In 1942, Stanley Johnston published Queen of the Flat-Tops, a Ken Burris-quality documentary about the last few passages and ultimate destruction of one of our first purpose-built aircraft carriers (1), and he did it alone, putting you on deck, in the messhall, engine spaces, bridge, etc.
The following is the last page of the first chapter.


From the Lex’s bridge I looked out over our task force and could see that aboard every other vessel homage was being paid the Ruler of the Raging Main. Aboard the cruisers and destroyers with us at this time, scenes quite similar to those aboard the Lex were being enacted.
When I went below for lunch I ran into my cabin boy, (2) Duke, a slender happy-go-lucky Negro youth from Harlem.(3) He had joined on in New York, where he had worked with a band. He was a most intelligent and enthusiastic youngster who spent his spare time playing his accordion. It was his “hot” musical style that had won him the name Duke, after “the” Duke Ellington.
“How’s it feel to be a Shellback, Duke?” I asked him.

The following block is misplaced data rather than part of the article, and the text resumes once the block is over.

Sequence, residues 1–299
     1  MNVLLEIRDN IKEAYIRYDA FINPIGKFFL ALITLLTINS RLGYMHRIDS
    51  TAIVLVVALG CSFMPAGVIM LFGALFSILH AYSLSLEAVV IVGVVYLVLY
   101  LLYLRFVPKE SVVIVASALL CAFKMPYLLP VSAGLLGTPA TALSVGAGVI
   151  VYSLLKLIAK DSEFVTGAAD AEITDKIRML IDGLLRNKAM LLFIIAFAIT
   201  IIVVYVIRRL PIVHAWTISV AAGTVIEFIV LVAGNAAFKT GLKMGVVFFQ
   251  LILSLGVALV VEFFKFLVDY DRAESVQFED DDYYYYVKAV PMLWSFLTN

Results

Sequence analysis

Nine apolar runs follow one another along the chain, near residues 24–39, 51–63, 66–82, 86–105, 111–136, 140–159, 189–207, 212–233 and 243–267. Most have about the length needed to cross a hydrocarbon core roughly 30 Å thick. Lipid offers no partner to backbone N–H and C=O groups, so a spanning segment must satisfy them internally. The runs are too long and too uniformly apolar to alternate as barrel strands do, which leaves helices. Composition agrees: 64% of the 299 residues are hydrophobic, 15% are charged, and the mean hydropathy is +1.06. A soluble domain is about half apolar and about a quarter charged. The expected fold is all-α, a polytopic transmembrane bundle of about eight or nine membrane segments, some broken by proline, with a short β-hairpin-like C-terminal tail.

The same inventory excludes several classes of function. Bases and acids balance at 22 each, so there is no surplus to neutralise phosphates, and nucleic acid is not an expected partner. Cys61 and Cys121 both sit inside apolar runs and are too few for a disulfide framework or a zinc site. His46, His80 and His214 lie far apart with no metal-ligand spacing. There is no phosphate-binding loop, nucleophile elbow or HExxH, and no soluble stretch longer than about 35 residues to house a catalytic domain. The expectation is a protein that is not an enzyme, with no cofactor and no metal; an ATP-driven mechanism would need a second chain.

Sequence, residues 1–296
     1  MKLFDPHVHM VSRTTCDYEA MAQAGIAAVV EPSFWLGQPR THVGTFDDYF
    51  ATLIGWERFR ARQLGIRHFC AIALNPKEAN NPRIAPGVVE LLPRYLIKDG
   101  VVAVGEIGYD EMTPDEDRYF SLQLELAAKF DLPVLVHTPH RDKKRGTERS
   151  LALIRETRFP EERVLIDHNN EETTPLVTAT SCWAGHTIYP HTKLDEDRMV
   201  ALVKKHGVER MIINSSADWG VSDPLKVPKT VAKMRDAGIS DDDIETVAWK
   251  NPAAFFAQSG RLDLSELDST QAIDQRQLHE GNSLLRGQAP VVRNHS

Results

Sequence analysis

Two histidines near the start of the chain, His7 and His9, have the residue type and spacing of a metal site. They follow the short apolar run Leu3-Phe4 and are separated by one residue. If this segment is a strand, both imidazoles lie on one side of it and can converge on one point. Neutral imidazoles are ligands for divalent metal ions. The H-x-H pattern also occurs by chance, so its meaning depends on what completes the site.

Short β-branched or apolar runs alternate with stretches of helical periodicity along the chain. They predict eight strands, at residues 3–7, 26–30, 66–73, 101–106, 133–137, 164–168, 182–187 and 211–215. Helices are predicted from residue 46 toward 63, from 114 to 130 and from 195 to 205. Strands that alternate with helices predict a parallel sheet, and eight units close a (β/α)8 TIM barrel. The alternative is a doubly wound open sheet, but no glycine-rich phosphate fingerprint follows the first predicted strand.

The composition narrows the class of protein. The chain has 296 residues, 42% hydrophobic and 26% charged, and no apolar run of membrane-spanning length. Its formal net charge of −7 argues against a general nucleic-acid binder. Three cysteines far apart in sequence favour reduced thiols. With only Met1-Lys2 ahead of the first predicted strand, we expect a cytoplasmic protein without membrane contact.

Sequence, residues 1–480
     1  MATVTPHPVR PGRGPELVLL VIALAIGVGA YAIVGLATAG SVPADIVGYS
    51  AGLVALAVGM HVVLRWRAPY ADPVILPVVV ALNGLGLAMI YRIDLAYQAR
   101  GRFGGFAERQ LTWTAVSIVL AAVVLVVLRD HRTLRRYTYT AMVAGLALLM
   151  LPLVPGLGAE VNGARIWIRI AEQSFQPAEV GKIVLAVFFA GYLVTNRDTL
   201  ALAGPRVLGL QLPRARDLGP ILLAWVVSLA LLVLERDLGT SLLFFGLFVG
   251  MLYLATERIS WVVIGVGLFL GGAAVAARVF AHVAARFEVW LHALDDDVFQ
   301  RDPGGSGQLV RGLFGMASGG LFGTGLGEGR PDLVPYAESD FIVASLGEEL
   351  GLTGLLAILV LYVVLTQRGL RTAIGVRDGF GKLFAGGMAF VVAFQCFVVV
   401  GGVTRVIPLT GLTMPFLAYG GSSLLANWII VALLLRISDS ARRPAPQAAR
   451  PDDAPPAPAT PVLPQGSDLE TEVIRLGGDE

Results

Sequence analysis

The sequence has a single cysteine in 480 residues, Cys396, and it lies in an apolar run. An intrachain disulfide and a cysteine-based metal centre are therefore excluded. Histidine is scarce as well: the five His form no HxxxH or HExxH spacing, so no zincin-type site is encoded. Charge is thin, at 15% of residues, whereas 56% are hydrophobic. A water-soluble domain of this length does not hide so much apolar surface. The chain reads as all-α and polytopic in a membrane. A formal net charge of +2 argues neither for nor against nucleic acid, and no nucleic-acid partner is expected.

“Well, sire, they certainly poured it into me,’ he replied, massaging his bruises. “Serveral of those boys in that line-up there certainly is hot with them flagellators. I won’t be able to sit down for some days.”
“Never mind. Think of it. Next time you cross the Line you’ll be with the Shellbacks passing it on to the Pollywogs.”
“Ah can’t hardly wait for that time.” He flashed his teeth(4) at me. “I’ll be right there handin’ it out.”
Neither of us could know that the Duke had just crossed the Line for the first and last time.(5)

1- She was to be a heavy cruiser when her keel was laid.
2- Relax. Navies had cabin boys, black and white, for hundreds of years. (Hollywood still has “best boys”, but, like all good liberals, they exempt themselves from the hypocrisy.)
3- Oh, my!
4- You did not just say that.
5- Duke was killed in action defending your country. He never “took a knee

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